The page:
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How Skyhorse Continues to Grow in an Age of Contraction

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Things change so rapidly at Skyhorse Publishing—one of the fastest-growing independent book publishers—that this column will be out-of-date by the time you finish reading it. When I started here six months ago, I was told to bring my running shoes; I’ve already worn out the tread.

Founded nearly a decade ago by president and publisher Tony Lyons, an attorney and former publisher at the Lyons Press, Skyhorse publishes a broad mix of books. It started as a small team of people—some of whom still work for the company. There were 60 employees when I got here and now there are 83. With $43 million in revenue for the year ending in 2015 (30 percent growth from prior year), the company will publish 980 books in 2016 and has 6,000 backlist titles; 40 of them have been New York Times bestsellers.

At the time of its inception, Lyons set the then-ambitious goal of publishing 100 titles. “I think it is difficult for an independent publisher to survive at anything under $5 million and that’s why I’ve raised enough money to get us to that level within two and a half years,” Lyons says.

When the company started, the list had some similarities to the old Lyons Press—with books on sports, fly fishing, nature, and history. “Our eclectic list reflects areas that people are passionate about,” Lyons says. In that regard, nothing has changed. What has changed is that we publish in many more genres where there is a strong reader affinity. Our editors are encouraged to explore new areas. There is a relatively low risk to trying new things.

Skyhorse has grown organically and through the acquisition of smaller companies such as Arcade Publishing and Good Books, which features the best-selling Fix-It and Forget-It series. Lyons has always believed in niche books publishing to a distinct population—fishermen, golfers, Minecrafters, Lego enthusiasts, homesteaders, science fiction readers, political junkies, and many others. Our staff is interested in anything new and exciting and they are great at spotting trends and riding them—for example, we have sold over four million adult coloring books.

With 15 imprints and so many titles, we divided the company into six publishing units: Sports and Outdoors; Fiction and Literary Nonfiction; Cooking and Lifestyle; Instant and Promotional Books; Children and Young Adult; and Politics, History, and Reference. Included in that last unit is our “Hot Books”—a series of short books by investigative journalists about important political, cultural, and social issues being overseen by Salon founder and New York Times best-selling author David Talbot. Each unit has its own editorial director, staff of editors, and production and publicity teams. This organization allows us to focus our efforts more effectively.

Many potentially great books are no longer being acquired by the big guys whose corporate overseers demand that they only publish “big” books. As a result, we have been offered books by agents and authors who find us to be good partners. We believe we have some break-outs that will be published in the next couple of months, including Framed by Robert Kennedy Jr., a true crime book about his cousin’s wrongful conviction in the 1975 Martha Moxley murder, and The Hamilton Affair by Elizabeth Cobbs, a well-reviewed novel about our founding fathers that will be published in “the phenomenal summer of Hamilton.”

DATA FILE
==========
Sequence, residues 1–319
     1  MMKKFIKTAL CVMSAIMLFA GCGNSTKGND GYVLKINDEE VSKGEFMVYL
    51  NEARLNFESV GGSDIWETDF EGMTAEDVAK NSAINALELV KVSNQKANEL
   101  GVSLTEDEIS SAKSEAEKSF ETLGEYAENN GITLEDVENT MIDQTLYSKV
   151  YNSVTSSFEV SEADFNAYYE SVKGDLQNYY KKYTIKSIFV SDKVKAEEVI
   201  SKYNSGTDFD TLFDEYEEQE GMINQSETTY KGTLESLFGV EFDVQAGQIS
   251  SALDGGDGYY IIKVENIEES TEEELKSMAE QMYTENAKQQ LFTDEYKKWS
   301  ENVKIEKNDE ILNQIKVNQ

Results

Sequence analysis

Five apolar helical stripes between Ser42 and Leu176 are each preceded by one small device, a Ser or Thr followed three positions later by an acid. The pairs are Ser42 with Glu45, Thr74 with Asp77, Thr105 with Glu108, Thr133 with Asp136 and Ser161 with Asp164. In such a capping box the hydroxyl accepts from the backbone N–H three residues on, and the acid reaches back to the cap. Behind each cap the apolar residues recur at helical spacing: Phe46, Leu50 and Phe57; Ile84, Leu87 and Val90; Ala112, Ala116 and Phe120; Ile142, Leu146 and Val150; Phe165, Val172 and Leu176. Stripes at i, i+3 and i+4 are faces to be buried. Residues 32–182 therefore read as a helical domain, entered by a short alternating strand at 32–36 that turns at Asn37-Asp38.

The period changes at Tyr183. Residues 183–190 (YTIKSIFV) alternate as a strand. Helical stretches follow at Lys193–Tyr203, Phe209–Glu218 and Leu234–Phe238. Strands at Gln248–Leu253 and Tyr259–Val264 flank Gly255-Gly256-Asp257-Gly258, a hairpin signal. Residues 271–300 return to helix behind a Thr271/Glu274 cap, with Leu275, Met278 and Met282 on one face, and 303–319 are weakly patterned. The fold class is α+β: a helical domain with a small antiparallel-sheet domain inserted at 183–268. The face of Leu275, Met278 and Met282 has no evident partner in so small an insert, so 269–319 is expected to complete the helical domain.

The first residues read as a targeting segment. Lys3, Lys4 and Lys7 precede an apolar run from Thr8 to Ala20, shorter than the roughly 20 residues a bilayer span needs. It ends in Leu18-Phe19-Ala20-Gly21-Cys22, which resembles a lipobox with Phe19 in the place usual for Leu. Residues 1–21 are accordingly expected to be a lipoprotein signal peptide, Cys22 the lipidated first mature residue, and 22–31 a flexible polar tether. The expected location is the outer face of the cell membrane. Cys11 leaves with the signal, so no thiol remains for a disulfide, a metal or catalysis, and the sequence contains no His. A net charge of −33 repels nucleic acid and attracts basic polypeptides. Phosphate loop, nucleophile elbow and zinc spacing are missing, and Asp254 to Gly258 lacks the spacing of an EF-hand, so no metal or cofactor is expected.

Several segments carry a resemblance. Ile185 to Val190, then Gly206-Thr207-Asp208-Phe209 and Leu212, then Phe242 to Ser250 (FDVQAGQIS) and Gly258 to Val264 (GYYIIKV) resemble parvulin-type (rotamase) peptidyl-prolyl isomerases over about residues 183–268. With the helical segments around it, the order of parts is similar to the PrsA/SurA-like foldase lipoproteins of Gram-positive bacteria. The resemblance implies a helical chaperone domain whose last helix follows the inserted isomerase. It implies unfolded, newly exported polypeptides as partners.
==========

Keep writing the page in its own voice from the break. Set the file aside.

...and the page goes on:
When I got to Skyhorse, I often found staff who started out as interns or assistants before being promoted to larger roles. We’ve also been able to give people the opportunity to apply their skills to other parts of the business. Everybody works hard but there is room for experimentation and opportunity to flex creative muscles in all areas. My mandate has been to not only acquire good books and edit them well, but also to mentor the staff. Lately we have attracted talented individuals from some of the corporate publishers.

Friends in larger companies ask how, in this age of contraction, Skyhorse continues to grow. There is no easy answer. Perhaps being smaller we are more nimble. The image of a huge ocean liner out at sea comes to mind. We are the speed boat that can maneuver around the iceberg looming ahead and get to our destination more quickly.

Former corporate publisher employees are surprised to find that we don’t make our editors do acquisition profit and loss (P&L) statements. We also don’t have a lot of meetings and when we do, they are short and to the point. Communication is key and we encourage everyone to get up from their desks to talk to their colleagues. Perhaps the biggest change for me is in how we acquire books. At larger houses, I presided over editorial meetings. With the imprint P&L always on my mind, I listened to editors present perfectly good books. My job was to find creative ways to say no; at Skyhorse we are encouraged to take a positive outlook and ask, “why not?” Here, we embrace the attitude that we are doing 20th century publishing in the 21st century.

About the Author:

MarkGompertz_HigherResMark Gompertz is group editorial director at Skyhorse Publishing.

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